The increase in the deposition of trace metals as pollutants from vehicle exhausts on plants has raised concerns about the risks for the quality of food and in turn human health. Trace metals emitted by vehicles can enter food chain through deposition on grass growing by the road sides and grazed on by animals. Despite, many investigations knowledge on their spatial distribution near roads is scarce. The concentration of trace metals deposited on roadside Bahama grass, Cynodon dactylon, on roadside grass with over 70,000 vehicles per day were assessed. The spatial distribution of these metal deposits from vehicle emissions during the dry season was assessed by harvesting the grass at 1, 2, 3, 4 and 5 m away from the road. This method allowed an overview of deposition from vehicle emissions. Our results demonstrated the effect of pollution by comparing the levels on both grass and soil sampled. The pollution maps showed that the maximum deposition occurred near the road. The highest pollution levels of grasses were 625 µg/g iron in grass and 120.72 µg/g in soil dry weight. The results were recorded between 1 and 5 m on both sides of the roads. Pollution maps may hence be used to assess the impact of road traffic.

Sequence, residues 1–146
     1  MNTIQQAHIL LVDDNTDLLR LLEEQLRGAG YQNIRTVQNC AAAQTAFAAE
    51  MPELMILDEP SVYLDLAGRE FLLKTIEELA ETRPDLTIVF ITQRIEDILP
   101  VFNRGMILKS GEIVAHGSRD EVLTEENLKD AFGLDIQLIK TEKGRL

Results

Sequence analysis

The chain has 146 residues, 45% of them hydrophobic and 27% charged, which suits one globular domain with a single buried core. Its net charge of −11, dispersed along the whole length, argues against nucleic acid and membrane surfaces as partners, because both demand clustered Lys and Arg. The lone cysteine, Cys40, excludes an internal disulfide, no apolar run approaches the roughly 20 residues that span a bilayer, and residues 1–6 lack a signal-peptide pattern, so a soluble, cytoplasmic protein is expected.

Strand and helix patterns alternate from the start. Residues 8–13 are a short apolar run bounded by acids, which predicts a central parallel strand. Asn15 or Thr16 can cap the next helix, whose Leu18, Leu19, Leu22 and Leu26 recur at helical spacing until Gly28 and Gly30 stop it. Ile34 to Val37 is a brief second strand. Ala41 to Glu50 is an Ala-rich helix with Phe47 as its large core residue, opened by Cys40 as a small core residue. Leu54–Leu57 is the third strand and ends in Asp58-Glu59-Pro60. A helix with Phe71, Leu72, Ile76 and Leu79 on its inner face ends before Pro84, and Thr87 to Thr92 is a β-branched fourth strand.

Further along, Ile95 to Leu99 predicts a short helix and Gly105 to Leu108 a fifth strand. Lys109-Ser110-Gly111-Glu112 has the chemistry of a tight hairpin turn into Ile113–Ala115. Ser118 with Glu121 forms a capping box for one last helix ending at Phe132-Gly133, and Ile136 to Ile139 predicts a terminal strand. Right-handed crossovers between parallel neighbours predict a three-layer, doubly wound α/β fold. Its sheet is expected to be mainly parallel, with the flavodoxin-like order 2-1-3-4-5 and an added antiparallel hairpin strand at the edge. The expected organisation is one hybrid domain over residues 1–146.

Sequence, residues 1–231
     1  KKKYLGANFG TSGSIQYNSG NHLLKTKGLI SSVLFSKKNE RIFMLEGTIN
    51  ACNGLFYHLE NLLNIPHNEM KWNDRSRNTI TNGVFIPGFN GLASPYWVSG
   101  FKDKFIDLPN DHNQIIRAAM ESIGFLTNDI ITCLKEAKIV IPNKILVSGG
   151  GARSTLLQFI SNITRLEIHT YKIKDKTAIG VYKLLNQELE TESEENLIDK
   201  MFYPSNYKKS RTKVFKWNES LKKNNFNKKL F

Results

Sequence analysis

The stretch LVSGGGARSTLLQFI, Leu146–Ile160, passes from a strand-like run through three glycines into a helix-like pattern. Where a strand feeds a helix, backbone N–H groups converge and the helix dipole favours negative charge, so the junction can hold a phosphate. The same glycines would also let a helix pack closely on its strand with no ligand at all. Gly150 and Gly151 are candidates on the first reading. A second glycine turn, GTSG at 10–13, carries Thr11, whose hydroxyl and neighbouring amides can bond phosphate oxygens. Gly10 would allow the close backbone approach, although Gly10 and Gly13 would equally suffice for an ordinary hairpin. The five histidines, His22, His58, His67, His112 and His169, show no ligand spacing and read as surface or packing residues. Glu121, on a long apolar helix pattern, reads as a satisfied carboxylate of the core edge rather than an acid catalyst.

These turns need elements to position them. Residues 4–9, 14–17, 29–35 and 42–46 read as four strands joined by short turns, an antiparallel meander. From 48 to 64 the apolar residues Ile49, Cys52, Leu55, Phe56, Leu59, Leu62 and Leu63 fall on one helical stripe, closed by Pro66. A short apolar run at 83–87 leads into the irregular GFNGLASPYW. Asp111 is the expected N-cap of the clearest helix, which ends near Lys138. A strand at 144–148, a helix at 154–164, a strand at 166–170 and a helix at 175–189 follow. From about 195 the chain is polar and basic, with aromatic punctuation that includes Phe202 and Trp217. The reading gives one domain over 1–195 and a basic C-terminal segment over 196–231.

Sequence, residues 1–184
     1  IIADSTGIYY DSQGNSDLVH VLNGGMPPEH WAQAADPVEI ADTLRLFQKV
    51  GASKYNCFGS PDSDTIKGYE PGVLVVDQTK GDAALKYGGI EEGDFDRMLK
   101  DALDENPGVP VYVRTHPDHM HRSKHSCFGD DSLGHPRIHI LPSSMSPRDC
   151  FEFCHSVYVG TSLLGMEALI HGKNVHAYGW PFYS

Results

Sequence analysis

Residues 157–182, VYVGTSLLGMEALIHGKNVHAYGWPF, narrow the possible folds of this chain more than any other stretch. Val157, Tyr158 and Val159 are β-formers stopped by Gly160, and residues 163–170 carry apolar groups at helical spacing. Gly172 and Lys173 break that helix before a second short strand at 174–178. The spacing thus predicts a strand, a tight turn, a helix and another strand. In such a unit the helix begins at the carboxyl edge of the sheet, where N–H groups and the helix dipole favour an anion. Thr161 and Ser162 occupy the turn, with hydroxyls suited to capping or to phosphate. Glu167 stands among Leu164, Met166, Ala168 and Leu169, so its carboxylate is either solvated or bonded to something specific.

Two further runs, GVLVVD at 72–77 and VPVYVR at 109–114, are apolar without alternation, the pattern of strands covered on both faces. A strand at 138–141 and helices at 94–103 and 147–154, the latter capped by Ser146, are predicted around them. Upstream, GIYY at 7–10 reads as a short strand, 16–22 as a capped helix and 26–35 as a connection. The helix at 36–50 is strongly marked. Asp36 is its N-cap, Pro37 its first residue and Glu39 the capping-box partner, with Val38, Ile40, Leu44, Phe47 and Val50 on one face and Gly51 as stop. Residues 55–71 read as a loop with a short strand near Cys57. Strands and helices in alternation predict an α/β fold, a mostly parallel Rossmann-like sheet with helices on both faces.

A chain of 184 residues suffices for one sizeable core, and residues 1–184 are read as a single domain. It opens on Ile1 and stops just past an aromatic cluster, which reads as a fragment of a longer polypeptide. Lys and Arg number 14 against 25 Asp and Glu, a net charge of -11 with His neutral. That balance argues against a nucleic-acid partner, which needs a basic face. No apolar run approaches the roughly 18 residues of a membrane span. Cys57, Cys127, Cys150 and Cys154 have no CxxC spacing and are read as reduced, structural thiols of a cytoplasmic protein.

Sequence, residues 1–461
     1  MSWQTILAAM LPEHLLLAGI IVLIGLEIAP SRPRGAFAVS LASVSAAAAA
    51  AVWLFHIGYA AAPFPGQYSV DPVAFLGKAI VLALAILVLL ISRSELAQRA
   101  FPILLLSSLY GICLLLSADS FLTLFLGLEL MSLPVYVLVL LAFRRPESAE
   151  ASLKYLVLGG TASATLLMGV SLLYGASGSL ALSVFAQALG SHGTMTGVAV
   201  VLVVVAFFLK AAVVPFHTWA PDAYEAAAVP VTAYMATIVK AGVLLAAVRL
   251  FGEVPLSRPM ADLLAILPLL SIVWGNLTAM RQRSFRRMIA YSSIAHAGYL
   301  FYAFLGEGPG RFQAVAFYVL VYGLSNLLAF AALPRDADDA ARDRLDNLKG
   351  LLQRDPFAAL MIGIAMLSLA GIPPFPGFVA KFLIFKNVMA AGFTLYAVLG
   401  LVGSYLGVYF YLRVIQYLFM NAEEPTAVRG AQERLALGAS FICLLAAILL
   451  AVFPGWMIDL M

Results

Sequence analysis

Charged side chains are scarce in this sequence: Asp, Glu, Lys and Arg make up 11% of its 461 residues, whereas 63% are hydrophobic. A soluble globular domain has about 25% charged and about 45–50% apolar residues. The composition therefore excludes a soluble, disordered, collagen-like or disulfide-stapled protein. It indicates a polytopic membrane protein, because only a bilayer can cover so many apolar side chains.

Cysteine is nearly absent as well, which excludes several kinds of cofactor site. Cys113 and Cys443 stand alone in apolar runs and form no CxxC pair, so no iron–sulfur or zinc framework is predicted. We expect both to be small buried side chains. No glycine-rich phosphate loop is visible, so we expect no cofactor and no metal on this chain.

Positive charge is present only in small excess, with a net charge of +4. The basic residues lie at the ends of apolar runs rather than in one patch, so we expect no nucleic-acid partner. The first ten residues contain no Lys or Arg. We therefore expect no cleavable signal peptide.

Key words: Pollution, Bahama grass, roadside trace metals.
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